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LONDON -- Standard Chartered (LSE: STAN.L ) escaped the wrath of Benjamin Lawsky relatively unscathed -- and the state of New York's coffers will soon be $340 million richer. Looks like everyone wins.
Standard Chartered's dealings with U.S. regulators aren't yet finished, and it is quite likely we'll see more -- and perhaps larger -- fines on the way. However, the largest threat to the bank -- the loss of its New York banking license, and hence access to cheap and easy U.S. dollar-clearing activities -- appears to be gone.
This should be good news for investors, for whatever the total bill, the fines should be relatively easy to cope with, and business should return to usual in a relatively short time for the Asia-focused bank.
Wait -- that's not all
However, the New York fine isn't the end of the story. Standard Chartered has also agreed to submit its New York operations to third-party oversight for at least the next two years and bolster its internal money-laundering monitoring as well. These stipulations will modestly increase the bank's operating expenses but shouldn't dramatically hinder profitability going forward.
And then there is the question of follow-on fines as the U.S. Treasury and Federal Reserve take their cuts. These fines could easily be larger than the $340 million Standard Chartered will be paying to New York regulators.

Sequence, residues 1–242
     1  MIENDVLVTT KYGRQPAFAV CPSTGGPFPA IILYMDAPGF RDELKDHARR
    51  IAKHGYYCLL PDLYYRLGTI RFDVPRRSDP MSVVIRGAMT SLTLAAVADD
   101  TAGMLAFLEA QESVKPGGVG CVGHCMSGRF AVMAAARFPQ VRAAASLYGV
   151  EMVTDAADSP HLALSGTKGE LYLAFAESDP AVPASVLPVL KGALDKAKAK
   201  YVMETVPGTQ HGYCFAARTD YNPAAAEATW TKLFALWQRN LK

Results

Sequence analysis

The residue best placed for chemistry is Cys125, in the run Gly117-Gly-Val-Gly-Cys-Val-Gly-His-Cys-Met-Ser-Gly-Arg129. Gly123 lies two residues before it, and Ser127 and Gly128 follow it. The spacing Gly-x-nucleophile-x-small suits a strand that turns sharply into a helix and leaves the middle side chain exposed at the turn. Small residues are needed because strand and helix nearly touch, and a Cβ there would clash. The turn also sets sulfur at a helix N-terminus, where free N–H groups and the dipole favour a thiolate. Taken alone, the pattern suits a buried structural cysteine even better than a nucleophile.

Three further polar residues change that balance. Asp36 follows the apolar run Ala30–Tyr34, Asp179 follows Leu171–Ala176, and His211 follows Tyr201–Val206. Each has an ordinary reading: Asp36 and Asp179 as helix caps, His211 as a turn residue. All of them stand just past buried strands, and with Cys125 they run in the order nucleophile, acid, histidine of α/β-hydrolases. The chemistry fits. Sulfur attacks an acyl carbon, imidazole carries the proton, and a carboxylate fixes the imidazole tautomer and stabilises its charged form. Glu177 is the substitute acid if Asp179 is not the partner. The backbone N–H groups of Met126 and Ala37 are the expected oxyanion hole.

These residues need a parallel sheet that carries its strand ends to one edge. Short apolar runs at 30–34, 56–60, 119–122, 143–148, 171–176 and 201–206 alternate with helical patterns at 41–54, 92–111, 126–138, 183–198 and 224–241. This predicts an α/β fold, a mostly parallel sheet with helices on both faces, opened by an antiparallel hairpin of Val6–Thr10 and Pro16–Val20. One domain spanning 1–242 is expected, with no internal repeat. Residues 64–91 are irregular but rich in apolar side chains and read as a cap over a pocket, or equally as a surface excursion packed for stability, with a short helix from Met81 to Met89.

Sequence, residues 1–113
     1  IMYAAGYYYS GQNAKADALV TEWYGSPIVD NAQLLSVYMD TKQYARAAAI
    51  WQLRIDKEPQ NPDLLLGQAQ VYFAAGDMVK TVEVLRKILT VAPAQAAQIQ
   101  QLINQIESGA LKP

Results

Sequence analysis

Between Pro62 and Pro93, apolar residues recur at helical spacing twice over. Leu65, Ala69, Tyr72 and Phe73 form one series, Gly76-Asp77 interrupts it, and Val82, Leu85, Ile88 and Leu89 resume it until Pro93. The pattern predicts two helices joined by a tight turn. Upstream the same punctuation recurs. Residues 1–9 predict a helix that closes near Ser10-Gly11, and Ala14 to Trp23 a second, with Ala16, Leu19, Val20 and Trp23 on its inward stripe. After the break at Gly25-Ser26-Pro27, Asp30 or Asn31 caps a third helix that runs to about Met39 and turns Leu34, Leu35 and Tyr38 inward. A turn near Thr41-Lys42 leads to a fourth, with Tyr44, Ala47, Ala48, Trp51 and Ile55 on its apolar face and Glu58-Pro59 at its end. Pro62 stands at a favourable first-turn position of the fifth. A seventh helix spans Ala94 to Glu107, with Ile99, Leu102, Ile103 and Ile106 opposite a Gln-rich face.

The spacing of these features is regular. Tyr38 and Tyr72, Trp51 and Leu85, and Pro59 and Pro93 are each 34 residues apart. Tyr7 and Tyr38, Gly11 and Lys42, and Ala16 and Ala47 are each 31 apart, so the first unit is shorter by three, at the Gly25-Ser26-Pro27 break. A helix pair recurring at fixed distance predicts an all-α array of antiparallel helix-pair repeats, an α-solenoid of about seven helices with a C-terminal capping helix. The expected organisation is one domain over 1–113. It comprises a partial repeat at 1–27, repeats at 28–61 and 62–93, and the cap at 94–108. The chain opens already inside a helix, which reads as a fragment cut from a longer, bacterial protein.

Tax the rich
Even as economic pain has reduced tax income in the U.S., the past few years have been lucrative for U.S. banking regulators, as U.K. and European banks have fallen on the wrong side of America's sanctions on Iran and money-laundering in general. In 2009, Lloyds paid $350 million to deal with similar charges, and Barclays' bill was $298 million in 2010. Also in 2009, Swiss bank Credit Suisse forked over $536 million for its Iranian transgressions. Two months ago, Dutch finance group ING agreed to pay $619 million, and HSBC has set aside $700 million to deal with anticipated fines from its Mexican money-laundering charges.
Looking at this list, I imagine we could see the final bill for Standard Chartered approach or even exceed $1 billion. That's nothing to sneeze at, but it shouldn't cripple a bank that reported $6.8 billion in pre-tax income last year.
All in all, I'd say this outcome is good for Standard Chartered's shareholders, though the uncertainty of impending fines and disciplinary actions could continue to pressure the price in the near term. For those that were brave enough to buy into last week's sell-off, congratulations, and I expect the shares will continue to provide strong returns in the coming years.
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